Doom_et_Al: I had no expectations going into Moon of Foul Magics, being unfamiliar with Autonoesisߵs debut. Thrash is a genre that only a handful of bands pull off successfully, and even when you make it cool with black metal, it’s still tricky. Somehow, Autonoesis have cracked the code. This is just massively entertaining, featuring righteous riffs; epic, progressive tracks; face-melting solos; and enough weird instrumental moments that are fun rather than annoying. When the band really gives itself breathing room on the longer tracks (The stunning “Moon of Foul Magics,” “Descending the Void”) it shines brightest. Best of all? There is so much going on that repeat listens only deepen the joy. Only a few quibbles stopped this getting an unqualified recommendation. First, there is filler, ironically most noticeable on some of the shorter tracks, and especially on the second half. This bad boy desperately needed an editor to crack the whip and make some cuts. Second, while I don’t hate the production, it buries the already monotonal vocals right the back, leeching their power. But these shouldn’t detract from an album absolutely worth your time. An excellent surprise. 3.5/5.0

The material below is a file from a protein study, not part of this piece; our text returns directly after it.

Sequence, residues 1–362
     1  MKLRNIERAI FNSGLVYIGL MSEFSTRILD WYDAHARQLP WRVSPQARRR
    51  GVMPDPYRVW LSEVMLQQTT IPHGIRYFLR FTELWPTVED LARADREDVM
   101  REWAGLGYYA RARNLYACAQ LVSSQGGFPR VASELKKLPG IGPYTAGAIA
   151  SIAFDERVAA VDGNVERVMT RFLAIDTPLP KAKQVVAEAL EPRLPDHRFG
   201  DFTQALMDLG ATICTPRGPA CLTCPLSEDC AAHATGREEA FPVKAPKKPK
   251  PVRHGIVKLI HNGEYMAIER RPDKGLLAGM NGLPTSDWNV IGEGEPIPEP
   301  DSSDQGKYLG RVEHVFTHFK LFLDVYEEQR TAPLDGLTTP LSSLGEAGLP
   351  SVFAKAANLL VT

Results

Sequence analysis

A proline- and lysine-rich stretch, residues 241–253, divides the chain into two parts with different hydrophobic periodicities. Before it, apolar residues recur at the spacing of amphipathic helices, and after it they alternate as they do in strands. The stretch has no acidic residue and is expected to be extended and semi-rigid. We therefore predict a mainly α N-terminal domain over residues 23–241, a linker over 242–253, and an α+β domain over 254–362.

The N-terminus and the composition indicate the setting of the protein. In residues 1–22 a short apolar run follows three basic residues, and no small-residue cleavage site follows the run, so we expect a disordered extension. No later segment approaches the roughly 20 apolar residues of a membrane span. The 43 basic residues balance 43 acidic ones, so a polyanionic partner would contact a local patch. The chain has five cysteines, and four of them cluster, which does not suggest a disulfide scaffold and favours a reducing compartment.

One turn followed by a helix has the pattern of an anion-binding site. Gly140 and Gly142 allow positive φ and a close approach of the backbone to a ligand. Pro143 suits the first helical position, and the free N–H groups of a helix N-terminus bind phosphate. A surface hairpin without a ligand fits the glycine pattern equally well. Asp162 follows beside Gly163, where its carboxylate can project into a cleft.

Dear Hollow: Autonoesis looks like it should be your typical second-wave Darkthrone worship. From the grainy black hole cover to the spidery logo and the occult-themed title, you would have merit to let this one go into the void of Bandcamp black metal. But hoo boy, would you be missing out. Stuffing as many grooves, Agalloch-ian acoustic interludes, and, what, Latin-folky guitar shreds into its albeit bloated hour-and-six-minute runtime, you’d be more likely to fuck shit up in the corpse-painted mosh pit than a frostbitten Scandinavian forest somewhere. Kicking in the door with the ripping grooves of the title track and rarely letting up, Moon of Foul Magics feels more thrash than black, as the grooves of the title track, “Raise the Dead,” and “The Conjurer” will live in your head for days. While grim aesthetics make their appearances in the atmospheric sprawls of “Crypt of Thought” and the blastbeats-and-tremolo Happy Meal of “Nihility, Endless Winter,” it serves as depth and dimension in an album devoted to thrashy concussion. It is a far from perfect album, the latter half dragging more than the first chapter and its divisively clean-but-still-raw production, but I’ll take a double helping of this moon collision if it’s done this well. 3.0/5.0